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  Critter of the Month
Roseate Spoonbill

Spoonbill Video
Roseate Spoonbill  
Crocodile Video LinkCrocodile
These are American Crocodiles, not Alligators. They will grow to over 20 feet, and can live for more than 60 years. The Tarcoles River provides the perfect habitat for these huge reptiles. Crocodiles have long snouts, extremely sharp teeth and powerful bodies. They eat fish, horses, cattle, birds, and anything else they can find!

This bird actually swims underwater to catch its prey. They spear small fish, instead of grasping them. Unlike cormorants, they have long, sharp pointed beaks and longer necks. They have a noticeable"kink" in their necks--a result of their lightning fast, thrusting action to spear their prey with their beaks. They inhabit water surrounded by trees and bushes so they can perch to stretch and dry their feathers.

Tiger Faced Crab

This tiger-face crab lives in the mangroves and burrows into the thick mud trapped between the mangrove roots. This video shows our guide explaining them to our guests.
Giode Video

"Thank you very much for the wonderful experience! It is one we'll never forget."

C.& J. Maze, USA

Great Kiskadee: Named because of their call, which sounds like "kiss-ka-dee," this bird is a member of the flycatcher family. It is boisterous and catches large insects, small lizards, frogs, snakes. It will even plunge into shallow water to catch small fish. It robs the nests of smaller birds and can also overwhelm larger predatory birds en masse.

IguanaGreen Iguana: "The chicken of the trees!" can grow up to 6.5 feet and is hunted by locals for food. As herbivores, Green Iguanas process and metabolize their food extremely efficiently. Black Iguana or Ctenosaurs: These iguanas are herbivores and also eat insects. Their meat is not as tasty. They are found in drier areas and are territorial. They will bob their head up and down when threatened.

Heron Video LinkBoat-Billed Heron: Roosting in the trees that overhang the water in daytime, these herons are easily identified because of their thick bill. They are solitary feeders, preferring to forage at night by sight and touch. Most other herons feed during the day. Their larger bill may help them to forage for food in low light levels. They usually lay 2 eggs which are very pale blue with rust colored speckles.

Baby crocCrocodiles: This baby croc was sunning itself on a log jutting up from the river bottom. Young crocodiles often feed on small aquatic and terrestrial vertebrates. Baby crocs are often prey to water birds: such as egrets, storks, herons and anhingas. Juveniles give alarm cries when threatened, summoning their parents to the rescue.

Roseate Spoonbill Roseate Spoonbill
Roseate Spoonbill:
Gregarious by nature, they feed, roost and nest in groups. Not only is their color striking, their bill is shaped like a spatula at the end. Wading near the shore, they wag their head back and forth, using their bills to sift crustaceans, fish and insects from the mud.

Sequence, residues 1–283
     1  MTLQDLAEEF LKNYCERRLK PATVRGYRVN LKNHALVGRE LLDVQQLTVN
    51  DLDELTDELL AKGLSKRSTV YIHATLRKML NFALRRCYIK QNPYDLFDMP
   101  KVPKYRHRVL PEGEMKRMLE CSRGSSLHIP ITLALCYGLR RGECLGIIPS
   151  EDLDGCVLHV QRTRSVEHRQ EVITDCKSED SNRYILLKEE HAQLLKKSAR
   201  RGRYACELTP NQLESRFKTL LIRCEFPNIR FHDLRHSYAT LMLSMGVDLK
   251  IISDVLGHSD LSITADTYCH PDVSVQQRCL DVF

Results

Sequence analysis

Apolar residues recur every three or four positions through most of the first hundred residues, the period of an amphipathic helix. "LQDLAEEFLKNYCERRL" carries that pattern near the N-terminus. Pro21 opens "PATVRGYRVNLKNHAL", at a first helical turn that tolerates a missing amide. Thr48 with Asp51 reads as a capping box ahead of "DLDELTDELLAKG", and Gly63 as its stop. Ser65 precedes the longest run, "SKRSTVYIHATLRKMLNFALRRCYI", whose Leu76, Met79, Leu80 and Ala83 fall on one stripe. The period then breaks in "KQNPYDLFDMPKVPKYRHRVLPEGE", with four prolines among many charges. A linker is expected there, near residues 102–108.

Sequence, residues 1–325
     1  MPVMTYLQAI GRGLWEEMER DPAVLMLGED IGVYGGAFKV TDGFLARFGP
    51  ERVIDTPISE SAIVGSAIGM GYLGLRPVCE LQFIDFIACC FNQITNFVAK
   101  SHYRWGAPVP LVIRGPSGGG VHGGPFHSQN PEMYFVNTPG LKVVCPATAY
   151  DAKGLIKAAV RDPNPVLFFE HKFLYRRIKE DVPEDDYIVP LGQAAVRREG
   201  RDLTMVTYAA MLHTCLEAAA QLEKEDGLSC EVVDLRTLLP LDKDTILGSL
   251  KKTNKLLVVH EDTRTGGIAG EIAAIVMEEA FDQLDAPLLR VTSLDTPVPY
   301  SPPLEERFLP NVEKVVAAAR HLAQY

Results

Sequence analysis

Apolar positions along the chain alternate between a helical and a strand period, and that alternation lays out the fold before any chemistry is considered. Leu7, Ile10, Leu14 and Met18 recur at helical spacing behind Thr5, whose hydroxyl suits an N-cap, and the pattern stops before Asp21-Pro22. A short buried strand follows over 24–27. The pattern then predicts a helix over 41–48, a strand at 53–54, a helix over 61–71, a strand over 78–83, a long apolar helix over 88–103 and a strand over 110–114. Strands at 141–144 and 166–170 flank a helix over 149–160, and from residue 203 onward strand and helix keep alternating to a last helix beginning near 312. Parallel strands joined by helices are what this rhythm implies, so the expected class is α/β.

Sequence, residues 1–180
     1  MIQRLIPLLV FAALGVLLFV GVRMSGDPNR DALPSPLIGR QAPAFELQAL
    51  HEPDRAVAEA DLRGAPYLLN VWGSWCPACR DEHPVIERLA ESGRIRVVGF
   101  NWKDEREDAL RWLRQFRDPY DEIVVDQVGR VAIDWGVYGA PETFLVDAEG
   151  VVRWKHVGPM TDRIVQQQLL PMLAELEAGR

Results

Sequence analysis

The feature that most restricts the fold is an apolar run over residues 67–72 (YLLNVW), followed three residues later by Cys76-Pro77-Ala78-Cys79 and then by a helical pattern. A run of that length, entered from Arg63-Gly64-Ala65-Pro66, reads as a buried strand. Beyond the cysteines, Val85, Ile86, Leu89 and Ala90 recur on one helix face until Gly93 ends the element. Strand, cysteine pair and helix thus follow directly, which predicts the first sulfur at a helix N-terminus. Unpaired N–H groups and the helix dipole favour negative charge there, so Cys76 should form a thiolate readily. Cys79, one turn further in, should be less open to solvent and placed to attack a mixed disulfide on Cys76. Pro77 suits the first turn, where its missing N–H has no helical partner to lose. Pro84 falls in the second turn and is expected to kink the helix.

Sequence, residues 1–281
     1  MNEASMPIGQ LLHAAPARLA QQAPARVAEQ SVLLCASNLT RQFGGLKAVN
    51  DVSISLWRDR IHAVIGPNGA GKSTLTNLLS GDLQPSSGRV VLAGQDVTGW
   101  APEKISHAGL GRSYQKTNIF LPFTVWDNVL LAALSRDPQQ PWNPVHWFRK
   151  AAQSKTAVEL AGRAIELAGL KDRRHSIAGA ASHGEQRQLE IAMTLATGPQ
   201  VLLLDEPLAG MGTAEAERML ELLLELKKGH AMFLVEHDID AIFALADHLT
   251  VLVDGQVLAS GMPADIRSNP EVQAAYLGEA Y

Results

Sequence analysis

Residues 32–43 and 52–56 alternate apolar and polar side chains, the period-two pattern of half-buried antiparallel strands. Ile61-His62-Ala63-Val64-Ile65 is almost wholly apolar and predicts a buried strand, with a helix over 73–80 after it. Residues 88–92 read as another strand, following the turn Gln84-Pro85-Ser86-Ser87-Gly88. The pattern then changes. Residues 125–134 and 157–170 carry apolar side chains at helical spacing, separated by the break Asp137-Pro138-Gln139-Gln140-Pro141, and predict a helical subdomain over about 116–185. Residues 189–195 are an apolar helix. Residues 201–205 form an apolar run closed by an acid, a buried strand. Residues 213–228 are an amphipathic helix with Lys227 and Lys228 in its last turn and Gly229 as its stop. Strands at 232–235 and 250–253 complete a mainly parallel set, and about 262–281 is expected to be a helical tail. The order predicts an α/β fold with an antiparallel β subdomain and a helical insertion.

"An excellent tour! Meal was super also. We saw many great birds, etc. Guide was excellent - very well-informed and pleasant. Will recommend this trip to others!"

The Taskers, Canada

Motmot Video Link
Turquoise-browed Motmot:
The unusual tailfeathers are swung from side to side, like a pendulum, to attract insects. They catch butterflies, bees or dragonflies in flight and beat their prey against their perch before consuming it.

Their diet consists of snakes, frogs, rodents, nestling birds which they scavenge or attack alive. This is a juvenile with more mottled brown coloring than an adult.

BasiliskBasilisk or "Jesus Christ Lizards": So-called because they run across the water on their hind legs, these lizards are truly amazing! They are omnivorous and can climb trees. The juveniles typically escape predators by running across the water. Adults prefer to dive to the river bottom to change directions and escape the other way. The adults are powerful swimmers and can hold their breath for several minutes.

"I expected a nice trip -- got a great trip! The guide was excellent, as well as the meal. I loved all of it!"

N. Tiefel, USA

HeronTricolored Heron: This heron is unusual because it prefers solitude, unlike its gregarious cousins. It feeds by laying in wait or by stalking its prey which consist of small fish.

Whistling DuckBlack-bellied Whistling Ducks: Of the three types of whistling ducks, this duck actually roosts in the trees. It forages at night usually walking in shallow water looking for mollusks, insects and seeds.

Our animals sightings change, so come back and learn more about this unique habitat and its creatures!

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